The coil 7 is connected to the input of a rectifier 9 the output of which is connected to a smoothing member 10. The output of the smoothing member is connected with one of the inputs of six comparators 11-16, the other inputs of which are each connected, via respectively one potentiometer 21-26, to a voltage source. The outputs of the comparators 11-16 are connected in pairs to bistable multivibrator members 27-29, namely the comparators 11, 13, and 15 to the C-inputs and the comparators 12, 14, and 16 to the R-inputs of the multivibrator members. A control section (not shown), which controls the coin cashing device, is connected to the Q-outputs of the multivibrator members 27-29 and to a sweep signal generator (not shown) arranged in the coin travel direction 5 after the coils 2, 7.

The coin checker circuit portion shown in FIG. 1 is designed for the checking and determination of three types of coins with varying diameters. Once a coin 8 to be checked has entered the field of the coil 2, the inductive coupling between the coils 2 and 7 is reduced and thus the generator signal fed to the rectifier 9 is weakened. The smoothed DC signal at the output of the smoothing member 10 thus becomes smaller when a coin is passing through. This signal attains a minimum if the coin 8 exerts maximum influence on the coil field--as shown in FIG. 2--i.e. if the center of the coin lies between the central legs of the cores 3, 6, and the coin affects with its entire diameter the field between the central legs. Thereafter the signal strengthens again and regains its original value after the coin has passed through.

The signal minimum is, of course, the smaller, the larger the coin, namely it is rather exactly indirectly proportional to the coin diameter, because, after all, this diameter is governing for affecting the essential field portion between the central legs of the cores 3, 6.

The comparators 11-16 compare the output signal of the smoothing member 10 with the voltage delivered by the respective potentiometer 21-26. The potentiometers 21-26 determine, for each of the three acceptable types of coin, a permissible voltage range for the minimum output signal of the smoothing member 10. The potentiometer 21 yields a voltage, for example, which is higher by one tolerance than the minimum output voltage of the smoothing member 10 while the smallest acceptable type of coin passes through; the potentiometer 22 yields a voltage which is lower by one tolerance. Correspondingly, the potentiometers 23, 24 and 25, 26 deliver voltages higher or lower by one tolerance, respectively, than the output voltage of the smoothing member 10 at the medium and at the largest type of coin. The comparators 11 through 16 yield a signal (value 1) if the output voltage of the smoothing member 10 is smaller than the output voltage of the respective potentiometer 21-26.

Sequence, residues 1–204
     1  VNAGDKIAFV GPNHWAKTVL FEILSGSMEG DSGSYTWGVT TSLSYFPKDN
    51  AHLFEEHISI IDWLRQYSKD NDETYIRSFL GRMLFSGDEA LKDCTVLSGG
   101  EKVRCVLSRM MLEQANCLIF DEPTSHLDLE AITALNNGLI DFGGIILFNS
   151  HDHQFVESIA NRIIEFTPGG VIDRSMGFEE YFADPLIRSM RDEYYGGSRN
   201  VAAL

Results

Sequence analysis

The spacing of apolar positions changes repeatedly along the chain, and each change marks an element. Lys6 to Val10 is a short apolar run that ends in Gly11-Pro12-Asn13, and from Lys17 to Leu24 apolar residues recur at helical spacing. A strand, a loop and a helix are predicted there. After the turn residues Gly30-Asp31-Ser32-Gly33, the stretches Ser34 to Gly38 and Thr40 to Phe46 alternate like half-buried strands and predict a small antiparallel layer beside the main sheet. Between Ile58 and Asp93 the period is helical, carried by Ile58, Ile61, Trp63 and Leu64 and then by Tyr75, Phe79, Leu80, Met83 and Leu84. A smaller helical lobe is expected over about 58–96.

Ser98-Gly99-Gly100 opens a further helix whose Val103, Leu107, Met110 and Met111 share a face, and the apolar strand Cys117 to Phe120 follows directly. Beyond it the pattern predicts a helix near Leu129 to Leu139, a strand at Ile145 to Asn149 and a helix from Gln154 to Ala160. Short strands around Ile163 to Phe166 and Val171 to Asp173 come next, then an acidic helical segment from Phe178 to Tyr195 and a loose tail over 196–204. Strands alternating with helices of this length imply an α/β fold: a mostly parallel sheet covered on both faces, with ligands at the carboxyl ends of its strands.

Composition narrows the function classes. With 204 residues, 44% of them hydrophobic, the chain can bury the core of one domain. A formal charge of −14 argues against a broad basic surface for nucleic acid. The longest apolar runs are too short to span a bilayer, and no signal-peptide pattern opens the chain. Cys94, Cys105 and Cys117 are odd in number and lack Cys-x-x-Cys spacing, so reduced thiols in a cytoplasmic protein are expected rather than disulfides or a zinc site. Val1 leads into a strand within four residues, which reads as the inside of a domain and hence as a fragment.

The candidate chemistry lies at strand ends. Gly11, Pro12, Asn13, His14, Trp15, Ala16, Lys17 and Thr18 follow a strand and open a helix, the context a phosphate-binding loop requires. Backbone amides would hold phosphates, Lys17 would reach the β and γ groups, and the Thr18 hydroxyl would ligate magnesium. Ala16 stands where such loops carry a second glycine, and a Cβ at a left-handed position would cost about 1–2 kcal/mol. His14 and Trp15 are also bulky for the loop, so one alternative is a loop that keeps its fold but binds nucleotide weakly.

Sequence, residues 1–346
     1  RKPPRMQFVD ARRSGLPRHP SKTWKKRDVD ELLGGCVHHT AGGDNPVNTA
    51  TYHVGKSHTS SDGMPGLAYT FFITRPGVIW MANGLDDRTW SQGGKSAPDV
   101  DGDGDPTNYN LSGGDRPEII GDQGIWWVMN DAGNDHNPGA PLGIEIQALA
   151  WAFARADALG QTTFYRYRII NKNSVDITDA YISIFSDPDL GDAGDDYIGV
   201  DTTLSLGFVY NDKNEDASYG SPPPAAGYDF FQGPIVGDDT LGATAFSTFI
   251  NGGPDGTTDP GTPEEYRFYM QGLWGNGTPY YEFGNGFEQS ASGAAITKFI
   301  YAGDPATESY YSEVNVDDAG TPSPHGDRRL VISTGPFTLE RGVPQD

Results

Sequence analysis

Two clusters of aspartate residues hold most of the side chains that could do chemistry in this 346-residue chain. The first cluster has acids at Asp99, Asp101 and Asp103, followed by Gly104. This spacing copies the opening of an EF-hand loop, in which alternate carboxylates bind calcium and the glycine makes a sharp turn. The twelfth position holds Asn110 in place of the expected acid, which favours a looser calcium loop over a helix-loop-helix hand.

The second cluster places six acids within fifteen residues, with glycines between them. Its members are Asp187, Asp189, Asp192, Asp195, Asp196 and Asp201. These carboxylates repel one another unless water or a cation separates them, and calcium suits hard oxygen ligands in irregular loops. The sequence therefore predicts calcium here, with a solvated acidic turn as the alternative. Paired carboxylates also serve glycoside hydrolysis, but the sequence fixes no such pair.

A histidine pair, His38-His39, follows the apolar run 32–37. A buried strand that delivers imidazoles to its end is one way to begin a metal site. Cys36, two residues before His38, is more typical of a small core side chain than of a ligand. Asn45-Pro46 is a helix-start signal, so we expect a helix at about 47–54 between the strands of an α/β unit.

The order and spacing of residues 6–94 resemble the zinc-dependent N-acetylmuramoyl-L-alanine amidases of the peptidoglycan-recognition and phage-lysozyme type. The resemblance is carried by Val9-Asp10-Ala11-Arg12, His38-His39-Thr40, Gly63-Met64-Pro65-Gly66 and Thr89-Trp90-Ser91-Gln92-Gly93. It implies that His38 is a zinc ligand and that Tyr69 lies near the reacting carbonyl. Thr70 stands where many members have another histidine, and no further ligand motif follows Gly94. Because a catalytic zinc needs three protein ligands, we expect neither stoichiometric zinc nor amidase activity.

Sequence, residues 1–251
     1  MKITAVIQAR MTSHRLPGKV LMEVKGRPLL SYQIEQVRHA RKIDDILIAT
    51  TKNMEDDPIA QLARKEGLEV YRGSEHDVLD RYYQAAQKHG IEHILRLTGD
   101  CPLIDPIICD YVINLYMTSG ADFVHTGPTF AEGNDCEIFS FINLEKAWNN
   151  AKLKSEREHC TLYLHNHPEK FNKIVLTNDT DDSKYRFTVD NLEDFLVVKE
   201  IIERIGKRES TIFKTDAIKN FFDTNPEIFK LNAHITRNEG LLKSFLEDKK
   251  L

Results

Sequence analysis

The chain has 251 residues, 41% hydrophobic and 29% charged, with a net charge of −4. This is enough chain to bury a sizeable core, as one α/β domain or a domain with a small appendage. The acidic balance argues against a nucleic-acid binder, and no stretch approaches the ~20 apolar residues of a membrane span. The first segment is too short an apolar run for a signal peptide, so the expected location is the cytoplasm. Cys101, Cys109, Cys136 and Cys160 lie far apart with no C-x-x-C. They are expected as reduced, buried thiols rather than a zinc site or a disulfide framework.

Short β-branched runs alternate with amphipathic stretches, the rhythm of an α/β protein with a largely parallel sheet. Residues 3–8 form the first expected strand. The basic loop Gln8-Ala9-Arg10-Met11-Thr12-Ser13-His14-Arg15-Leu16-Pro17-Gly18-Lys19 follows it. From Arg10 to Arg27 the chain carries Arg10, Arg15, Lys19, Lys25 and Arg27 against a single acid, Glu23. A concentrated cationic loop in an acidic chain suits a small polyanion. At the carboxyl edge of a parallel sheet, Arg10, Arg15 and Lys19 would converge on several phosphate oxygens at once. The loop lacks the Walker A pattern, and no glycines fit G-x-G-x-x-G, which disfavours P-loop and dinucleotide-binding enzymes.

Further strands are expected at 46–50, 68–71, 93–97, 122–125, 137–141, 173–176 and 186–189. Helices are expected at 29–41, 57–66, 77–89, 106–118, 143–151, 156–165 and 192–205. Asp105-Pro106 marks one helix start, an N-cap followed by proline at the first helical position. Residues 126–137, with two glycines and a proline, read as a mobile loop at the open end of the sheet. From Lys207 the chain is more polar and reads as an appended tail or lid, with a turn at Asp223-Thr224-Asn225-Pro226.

In case of an acceptable coin of the smallest type, the output voltage of the smoothing member 10 drops below the voltage value delivered by the potentiometer 21, and the comparator 11 sets the multivibrator member 27, i.e. it enforces the setting of the value 1 at the associated Q-output. The sweep signal generator (not shown) activates the control section (not shown) upon passage of the coin; this control section triggers, on the basis of the value 1, the acceptance of the coin at the Q-output of the member 27 and transmits the smallest coin value associated with this coin to the arithmetic unit of the coin cashing device. Thereupon the control section actuates a resetting device (not shown) which resets all of the multivibrator members 27-29 into zero condition. With an acceptable coin of the medium-sized coin type, the output voltage of the smoothing member 10 drops to a value lying between the voltage values of the potentiometers 23 and 24. During this step, the comparators 11, 12, and 13 yield, in succession, signals to the multivibrator members 27 and 28. The multivibrator member 27 is set into condition 1 by the comparator 11, and reset into condition 0 by the comparator 12, whereupon the comparator 13 sets the multivibrator member 28 into condition 1. The member 28 remains in this condition, because the minimum of the output voltage supplied by the smoothing member 10 lies above the voltage value transmitted by the potentiometer 24, i.e. the comparator 14 does not reset the multivibrator member 28. During the subsequent read-out [interrogation], the control section determines the condition 1 of the member 28, and the resetting device reestablishes the resetting condition at the member 28. In case of an acceptable coin of the largest type of coin, the multivibrators 27 and 28 are correspondingly set initially in succession into condition 1 and thereupon reset into condition 0. The multivibrator member 29 is then set into condition 1, interrogated by the control section, and reset again.

In case of an unacceptable coin with a diameter deviating from that of the acceptable coins, the output voltage of the smoothing member 10 drops to a value lying in the range which is not permissible, i.e., for example, between the voltages supplied by the potentiometers 22 and 23. During the drop in voltage, the initially set multivibrator member 27 is reset, while the multivibrator member 28 is not set. None of the multivibrator members is, therefore, in condition 1 during the interrogation of the control section, which indicates the unacceptableness of the coin.

It has been presupposed in the above embodiment that the coins are of a nonmagnetic material. In case of coins of a magnetic material, the coupling of the coils 2 and 7 would increase with the diameter of the coins. The circuit structure for the examination of magnetic coins, however, could be basically the same as described hereinabove.

Furthermore, it has been assumed that the coupling is dependent merely on the coin diameter, rather than on the coin alloy, or is dependent on the latter only to a negligible extent. At the AC frequency of 100 kHz supplied by the generator 1, this is indeed ensured practically for all alloys.